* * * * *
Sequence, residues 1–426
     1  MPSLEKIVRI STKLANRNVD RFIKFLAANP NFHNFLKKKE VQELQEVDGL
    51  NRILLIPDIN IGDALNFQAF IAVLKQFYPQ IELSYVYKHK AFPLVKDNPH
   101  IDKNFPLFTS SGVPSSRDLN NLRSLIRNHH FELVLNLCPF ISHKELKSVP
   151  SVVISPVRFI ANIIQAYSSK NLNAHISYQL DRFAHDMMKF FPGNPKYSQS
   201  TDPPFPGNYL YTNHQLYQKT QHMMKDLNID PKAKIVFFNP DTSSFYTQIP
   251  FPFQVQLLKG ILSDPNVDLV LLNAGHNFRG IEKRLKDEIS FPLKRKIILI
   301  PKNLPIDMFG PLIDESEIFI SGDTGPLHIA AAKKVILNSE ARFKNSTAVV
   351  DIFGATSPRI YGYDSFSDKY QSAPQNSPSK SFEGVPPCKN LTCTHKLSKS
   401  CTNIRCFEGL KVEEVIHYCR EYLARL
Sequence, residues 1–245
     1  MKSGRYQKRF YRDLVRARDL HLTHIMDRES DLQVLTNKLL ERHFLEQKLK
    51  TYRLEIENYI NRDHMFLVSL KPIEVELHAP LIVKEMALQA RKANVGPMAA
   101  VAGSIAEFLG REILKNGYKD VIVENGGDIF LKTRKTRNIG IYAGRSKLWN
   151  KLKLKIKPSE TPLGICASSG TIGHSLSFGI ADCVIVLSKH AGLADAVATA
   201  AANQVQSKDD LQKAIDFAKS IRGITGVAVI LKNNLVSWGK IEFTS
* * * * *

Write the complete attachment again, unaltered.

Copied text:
Sequence, residues 1–426
     1  MPSLEKIVRI STKLANRNVD RFIKFLAANP NFHNFLKKKE VQELQEVDGL
    51  NRILLIPDIN IGDALNFQAF IAVLKQFYPQ IELSYVYKHK AFPLVKDNPH
   101  IDKNFPLFTS SGVPSSRDLN NLRSLIRNHH FELVLNLCPF ISHKELKSVP
   151  SVVISPVRFI ANIIQAYSSK NLNAHISYQL DRFAHDMMKF FPGNPKYSQS
   201  TDPPFPGNYL YTNHQLYQKT QHMMKDLNID PKAKIVFFNP DTSSFYTQIP
   251  FPFQVQLLKG ILSDPNVDLV LLNAGHNFRG IEKRLKDEIS FPLKRKIILI
   301  PKNLPIDMFG PLIDESEIFI SGDTGPLHIA AAKKVILNSE ARFKNSTAVV
   351  DIFGATSPRI YGYDSFSDKY QSAPQNSPSK SFEGVPPCKN LTCTHKLSKS
   401  CTNIRCFEGL KVEEVIHYCR EYLARL
Sequence, residues 1–245
     1  MKSGRYQKRF YRDLVRARDL HLTHIMDRES DLQVLTNKLL ERHFLEQKLK
    51  TYRLEIENYI NRDHMFLVSL KPIEVELHAP LIVKEMALQA RKANVGPMAA
   101  VAGSIAEFLG REILKNGYKD VIVENGGDIF LKTRKTRNIG IYAGRSKLWN
   151  KLKLKIKPSE TPLGICASSG TIGHSLSFGI ADCVIVLSKH AGLADAVATA
   201  AANQVQSKDD LQKAIDFAKS IRGITGVAVI LKNNLVSWGK IEFTS